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The protection scheme I faced recently seems so weak nowadays that a simple exhaustive key search would be enough to recover the user key in an acceptable amount of time (it's OK, since almost no practical benefit could be gained from knowing the plaintext), but I'm just curious whether the key recovery could be accomplished even faster and more intelligently.

  • The scheme consists of using Blowfish encryption with 40-bit key, with ECB mode of operation — i. e. no initialization vector, no feedback. This is countered by having a separate key for each document (or related set of documents), and by compression of documents.
  • On the other side, those documents are always ZIP archives with a single file packed in them, generally with the most simple capabilities. As a result, the first 32 bits (one Blowfish word) always contain the ZIP's local file header signature; the following 32 bits are usually constant for a given data producer, i. e. can be compared against a fixed value or can be verified partially. Further data is varying, but can be verified for plausibility as well.

The question is: does the knowledge an exact value of single block of plaintext give any advantage to key recovery — beyond the ability to easily check for a match in brute-force attack? Every discussion on that topic that I found claimed that Blowfish can't be reversed, but provided no proof for this; moreover, those topics were concerned about other modes than ECB and substantially longer keys. Then I started searching for discussions on recovery of subkeys instead of the original user-supplied key, and found this recent paper:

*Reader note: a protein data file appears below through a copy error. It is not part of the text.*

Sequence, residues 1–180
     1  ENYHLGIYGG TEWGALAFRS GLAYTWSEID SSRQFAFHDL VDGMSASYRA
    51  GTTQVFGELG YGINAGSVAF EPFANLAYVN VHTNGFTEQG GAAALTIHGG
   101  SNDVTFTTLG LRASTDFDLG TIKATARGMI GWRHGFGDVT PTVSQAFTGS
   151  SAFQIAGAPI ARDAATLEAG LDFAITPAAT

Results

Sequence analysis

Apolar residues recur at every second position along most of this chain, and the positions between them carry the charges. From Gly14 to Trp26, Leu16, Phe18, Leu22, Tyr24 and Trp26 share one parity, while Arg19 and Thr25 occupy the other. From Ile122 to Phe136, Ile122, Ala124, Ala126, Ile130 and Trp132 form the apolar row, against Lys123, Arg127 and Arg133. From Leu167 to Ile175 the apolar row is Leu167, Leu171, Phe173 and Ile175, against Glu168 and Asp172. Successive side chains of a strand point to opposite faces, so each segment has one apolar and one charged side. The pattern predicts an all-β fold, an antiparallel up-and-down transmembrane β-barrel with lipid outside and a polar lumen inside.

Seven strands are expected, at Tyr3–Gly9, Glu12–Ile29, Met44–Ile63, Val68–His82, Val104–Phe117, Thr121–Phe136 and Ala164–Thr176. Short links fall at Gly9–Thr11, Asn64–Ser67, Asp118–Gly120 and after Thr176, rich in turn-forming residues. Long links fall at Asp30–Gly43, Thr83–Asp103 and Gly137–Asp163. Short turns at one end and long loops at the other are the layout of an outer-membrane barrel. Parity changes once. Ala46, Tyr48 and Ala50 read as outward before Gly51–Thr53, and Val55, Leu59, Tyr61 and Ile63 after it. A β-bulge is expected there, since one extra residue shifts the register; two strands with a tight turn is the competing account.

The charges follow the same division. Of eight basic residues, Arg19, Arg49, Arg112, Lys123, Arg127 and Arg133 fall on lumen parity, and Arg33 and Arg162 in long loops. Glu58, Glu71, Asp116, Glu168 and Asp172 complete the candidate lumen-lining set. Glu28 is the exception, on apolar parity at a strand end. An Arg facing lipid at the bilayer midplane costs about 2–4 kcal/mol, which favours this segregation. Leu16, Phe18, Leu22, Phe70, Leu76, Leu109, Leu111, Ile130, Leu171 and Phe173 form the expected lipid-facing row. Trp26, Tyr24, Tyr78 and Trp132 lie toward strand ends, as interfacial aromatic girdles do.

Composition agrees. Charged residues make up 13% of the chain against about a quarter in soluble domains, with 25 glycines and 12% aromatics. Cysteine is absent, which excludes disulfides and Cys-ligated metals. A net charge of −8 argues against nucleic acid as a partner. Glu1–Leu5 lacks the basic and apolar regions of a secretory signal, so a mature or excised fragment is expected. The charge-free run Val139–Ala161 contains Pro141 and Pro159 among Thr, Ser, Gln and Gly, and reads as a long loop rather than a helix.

The full paper seemed too general for me, with little explanation on used symbols. The only thing I understood is that for key length of 40 bits there should be more than one 64-bit block of known plaintext, which is not the case for me. The other bad thing is that I didn't notice anything about the round-wise subkeys (the P-array) there — they were talking about substitution boxes only. The last slides of presentation put me in even much more confusion, since they claim that subkey recovery attack is effective with keys longer than 292 bits.

PS. Regarding the speed of brute-force attack against Blowfish. My initial implementation in .Net performed about 2800 checks per second, reimplementation in pure C with heavy inlining raised the bar up to 27'500 in a single thread and about 200'000 in 10 threads on a Core i7-2600 with hyper-threading — that's just 64 days for a complete range scan. And, although Blowfish is believed to be GPU-unfriendly, an OpenCL bcrypt implementation shows even more performance, the more so that bcrypt is a heavier form of Blowfish.

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The aforementioned OpenCL bcrypt implementation is the one from JohnTheRipper: wiki arcicle — I just ran out of karma to post this link. –  Anton Samsonov Apr 8 '13 at 18:03
There are some reasons that ECB is bad, but key recovery from known plaintext is not one of them - it is as hard there as with other modes of operation. –  Paŭlo Ebermann Apr 8 '13 at 20:16
Where did you encounter this? What application uses this scheme? –  D.W. Sep 4 '13 at 5:01